United States

103D.007 Fall 2014 Re-Imagining & Remembering:Environments, Communities & the Power of Stories

This course is designed to introduce students to a diverse array of approaches to social, spatial, and environmental history and how all fields benefit from the study of historical memory. We will especially focus on the intersections of these fields to explore how built and natural environments reflect particular cultures and societies at specific historical moments. To this end, we will analyze the stories that structure the identities and shape the historical memory of distinct communities.

103D.006 Fall 2014 Promised Land: Readings in California History

This seminar will explore the idea of California as “America’s America” through some of the latest and most innovative historical scholarship about the region. Topics will include exploration and conquest; frontier labor, economies, and politics; migration and immigration; urban growth and decline; gender, race, and ethnicity; and the changing myths of California and the American West. Students will discuss key historiographical debates while also reviewing research methods and writing styles.

103D.005 Fall 2014 Capitalism and the People in an Age of Reform

A diverse array of political movements strove to reform American capitalism between the first Gilded Age and the Second World War.  Throughout this period a series of grassroots efforts arose that focused on economic questions.  This course will explore how the American public mobilized during this era to reform the nation’s political economy. Unions, Progressives, Populists, Socialists, and others, all struggled to reshape or “tame” capitalism.

103D.004 Fall 2014 E Pluribus Barnum: Popular Entertainment in the United States

This course will explore how ordinary Americans entertained themselves before the early twentieth century. Since 1786, when Charles Wilson Peale founded his museum in Philadelphia as a place for art, lectures, scientific specimens, and natural history objects, Americans have used popular entertainment as a vehicle for both amusement and education. In this class, we will consider how the kinds of entertainment Americans engaged in changed over time, and how the justifications for participating in popular entertainment shifted as well.

103D.003 Fall 2014 The History of African American Women from Slavery to Freedom

This course will examine African-American women’s history from its beginnings through emancipation and Reconstruction.  Classes and coursework explore African origins of black female Americans, their experiences during the middle passage, and throughout the evolution of plantation slavery. It will focus upon the many historical changes that shaped African-American women’s lives and culture thereafter—from the American Revolution to the Civil War.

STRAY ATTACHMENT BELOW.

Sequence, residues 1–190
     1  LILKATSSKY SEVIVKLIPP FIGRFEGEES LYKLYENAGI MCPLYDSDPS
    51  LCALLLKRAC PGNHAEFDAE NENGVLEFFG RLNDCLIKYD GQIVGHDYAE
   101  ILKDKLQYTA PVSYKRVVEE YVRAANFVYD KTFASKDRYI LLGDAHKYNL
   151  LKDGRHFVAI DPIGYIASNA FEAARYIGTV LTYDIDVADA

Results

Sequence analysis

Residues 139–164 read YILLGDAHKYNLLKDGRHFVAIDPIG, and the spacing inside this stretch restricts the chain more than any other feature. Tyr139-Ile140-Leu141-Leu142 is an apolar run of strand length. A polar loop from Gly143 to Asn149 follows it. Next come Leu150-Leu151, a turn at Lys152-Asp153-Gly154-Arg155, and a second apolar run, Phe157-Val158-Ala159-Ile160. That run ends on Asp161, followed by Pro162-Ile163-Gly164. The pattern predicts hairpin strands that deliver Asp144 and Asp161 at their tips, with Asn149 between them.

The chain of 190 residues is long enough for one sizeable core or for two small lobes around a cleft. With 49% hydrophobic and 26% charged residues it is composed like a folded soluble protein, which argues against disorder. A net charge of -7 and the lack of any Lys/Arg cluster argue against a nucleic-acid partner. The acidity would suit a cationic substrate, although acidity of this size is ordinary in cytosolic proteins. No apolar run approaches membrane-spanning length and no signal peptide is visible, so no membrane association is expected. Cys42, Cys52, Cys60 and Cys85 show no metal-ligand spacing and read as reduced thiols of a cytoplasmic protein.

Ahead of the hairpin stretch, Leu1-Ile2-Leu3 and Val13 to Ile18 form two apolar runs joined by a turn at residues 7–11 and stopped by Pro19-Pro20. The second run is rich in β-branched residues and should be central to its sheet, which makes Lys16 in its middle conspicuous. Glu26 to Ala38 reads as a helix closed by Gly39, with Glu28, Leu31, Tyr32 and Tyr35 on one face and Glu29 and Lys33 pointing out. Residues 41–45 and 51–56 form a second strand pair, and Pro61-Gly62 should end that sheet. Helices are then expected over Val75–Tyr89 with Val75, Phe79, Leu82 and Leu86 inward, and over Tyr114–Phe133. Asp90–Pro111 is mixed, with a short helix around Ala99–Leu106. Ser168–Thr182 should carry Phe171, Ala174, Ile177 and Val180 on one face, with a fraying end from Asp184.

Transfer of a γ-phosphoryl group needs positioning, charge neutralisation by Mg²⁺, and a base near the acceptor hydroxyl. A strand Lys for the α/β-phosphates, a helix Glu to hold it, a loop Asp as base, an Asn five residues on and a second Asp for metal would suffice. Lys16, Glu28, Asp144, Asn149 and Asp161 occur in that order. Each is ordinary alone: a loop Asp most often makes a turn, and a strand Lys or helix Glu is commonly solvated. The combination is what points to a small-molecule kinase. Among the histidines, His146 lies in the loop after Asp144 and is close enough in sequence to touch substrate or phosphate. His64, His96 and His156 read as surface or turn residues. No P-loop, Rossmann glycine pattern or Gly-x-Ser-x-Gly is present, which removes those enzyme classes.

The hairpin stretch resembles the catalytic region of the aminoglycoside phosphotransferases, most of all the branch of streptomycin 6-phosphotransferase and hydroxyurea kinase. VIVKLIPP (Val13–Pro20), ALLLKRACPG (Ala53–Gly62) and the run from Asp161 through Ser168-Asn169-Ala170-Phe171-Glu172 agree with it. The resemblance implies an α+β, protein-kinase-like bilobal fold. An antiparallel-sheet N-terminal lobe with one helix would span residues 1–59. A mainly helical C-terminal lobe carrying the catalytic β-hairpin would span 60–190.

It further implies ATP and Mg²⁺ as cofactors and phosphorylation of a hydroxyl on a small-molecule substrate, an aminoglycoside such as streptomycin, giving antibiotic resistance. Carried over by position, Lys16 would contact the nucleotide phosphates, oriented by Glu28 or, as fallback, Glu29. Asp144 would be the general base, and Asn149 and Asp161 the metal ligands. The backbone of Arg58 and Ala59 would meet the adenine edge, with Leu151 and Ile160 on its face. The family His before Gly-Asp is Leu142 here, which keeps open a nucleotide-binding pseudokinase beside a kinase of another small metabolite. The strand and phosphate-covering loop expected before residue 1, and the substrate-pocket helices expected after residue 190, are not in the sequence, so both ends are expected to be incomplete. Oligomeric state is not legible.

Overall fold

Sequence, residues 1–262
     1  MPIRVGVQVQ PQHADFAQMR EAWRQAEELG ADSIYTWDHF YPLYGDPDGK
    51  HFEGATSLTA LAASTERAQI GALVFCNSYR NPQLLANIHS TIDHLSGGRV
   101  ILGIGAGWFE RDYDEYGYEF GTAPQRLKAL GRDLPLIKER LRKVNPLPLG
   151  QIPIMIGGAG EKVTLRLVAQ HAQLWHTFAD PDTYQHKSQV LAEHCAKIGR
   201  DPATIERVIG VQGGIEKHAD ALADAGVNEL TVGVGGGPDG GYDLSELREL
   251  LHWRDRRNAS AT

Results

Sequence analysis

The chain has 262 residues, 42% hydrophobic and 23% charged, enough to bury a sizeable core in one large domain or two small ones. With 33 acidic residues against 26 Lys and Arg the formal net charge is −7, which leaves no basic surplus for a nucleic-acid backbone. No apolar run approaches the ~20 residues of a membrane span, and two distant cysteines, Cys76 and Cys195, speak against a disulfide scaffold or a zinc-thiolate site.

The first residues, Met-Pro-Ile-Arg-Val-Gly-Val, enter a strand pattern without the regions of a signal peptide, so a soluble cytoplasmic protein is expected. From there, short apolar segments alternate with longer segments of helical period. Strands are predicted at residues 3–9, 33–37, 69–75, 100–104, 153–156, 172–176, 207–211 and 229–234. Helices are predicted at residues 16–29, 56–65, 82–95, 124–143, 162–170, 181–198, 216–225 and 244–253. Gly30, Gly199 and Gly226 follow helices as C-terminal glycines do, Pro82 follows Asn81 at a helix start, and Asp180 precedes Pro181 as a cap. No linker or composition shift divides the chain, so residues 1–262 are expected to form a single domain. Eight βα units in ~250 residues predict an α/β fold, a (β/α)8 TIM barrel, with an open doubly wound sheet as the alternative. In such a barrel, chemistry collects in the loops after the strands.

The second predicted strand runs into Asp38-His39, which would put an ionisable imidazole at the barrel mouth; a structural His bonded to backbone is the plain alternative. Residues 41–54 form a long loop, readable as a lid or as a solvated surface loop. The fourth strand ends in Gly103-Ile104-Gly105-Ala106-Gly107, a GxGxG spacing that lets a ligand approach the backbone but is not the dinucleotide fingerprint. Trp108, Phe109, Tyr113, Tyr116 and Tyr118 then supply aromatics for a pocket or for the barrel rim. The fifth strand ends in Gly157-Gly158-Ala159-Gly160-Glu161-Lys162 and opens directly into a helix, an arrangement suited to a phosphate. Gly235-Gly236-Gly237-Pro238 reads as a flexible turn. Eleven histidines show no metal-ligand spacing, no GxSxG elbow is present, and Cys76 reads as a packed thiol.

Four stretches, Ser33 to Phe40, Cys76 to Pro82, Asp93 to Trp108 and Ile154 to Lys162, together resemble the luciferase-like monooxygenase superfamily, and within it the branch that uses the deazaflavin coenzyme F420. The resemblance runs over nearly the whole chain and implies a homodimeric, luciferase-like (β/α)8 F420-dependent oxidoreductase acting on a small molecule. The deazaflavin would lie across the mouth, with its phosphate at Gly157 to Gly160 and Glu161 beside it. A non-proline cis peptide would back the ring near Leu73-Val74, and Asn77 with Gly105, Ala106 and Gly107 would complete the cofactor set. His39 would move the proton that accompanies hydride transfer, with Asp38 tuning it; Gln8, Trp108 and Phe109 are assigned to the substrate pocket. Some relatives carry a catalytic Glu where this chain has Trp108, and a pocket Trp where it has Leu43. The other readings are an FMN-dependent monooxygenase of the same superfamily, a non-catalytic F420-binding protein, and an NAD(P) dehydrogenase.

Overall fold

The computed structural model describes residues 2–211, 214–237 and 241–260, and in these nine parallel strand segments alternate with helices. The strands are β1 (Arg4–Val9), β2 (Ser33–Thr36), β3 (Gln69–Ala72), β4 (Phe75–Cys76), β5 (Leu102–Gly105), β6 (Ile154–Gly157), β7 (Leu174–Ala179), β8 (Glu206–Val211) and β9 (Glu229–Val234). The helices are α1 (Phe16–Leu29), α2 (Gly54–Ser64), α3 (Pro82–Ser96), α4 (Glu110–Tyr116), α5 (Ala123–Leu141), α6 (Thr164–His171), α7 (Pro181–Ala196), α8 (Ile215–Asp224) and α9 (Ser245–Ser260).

103D.002 Fall 2014 Deep History: The Republic of New England and the American Revolution

This course offers advanced history majors the opportunity to explore an important and focused topic in considerable depth. It will help to prepare you for History 101 – honors thesis writing – by developing your reading, analytical, research, and writing skills.  In recent years, a wealth of new scholarship has examined the meaning and changing nature of “republicanism” – the belief that the best form of government involves self-rule by means of representatives chosen by the voting public – in early modern England and colonial America.

280D Fall 2014 Reading and Writing in Early America

This seminar is offered both as an introduction to the social and cultural history of America between 1700 and 1900 and as an exploration of recent scholarship in the history of literate practice.  Overarching thematic concerns include the spread and meaning of literacy, the historical relationship between writing and print, the form and content of news transmission, the proliferation of life writing and personal correspondence, and the rise of new media of inscription.   Along the way, we will also cover such topics as slave literacy, intellectual property, education, white-

280D Fall 2014 North American Legal History to 1861

North American Legal History to 1861
History 280.D
Prof. Rebecca McLennan
Fall 2014
 

275D Fall 2014 Introduction to U.S. History and Historiography

This is the introductory course for entering graduate students intending to study the history of the United States, from the colonial period to the twenty-first century. Students will meet faculty working in American history, broadly defined. We will read key texts in the field and also discuss the practice of historical research, from prospectus to dissertation to book.

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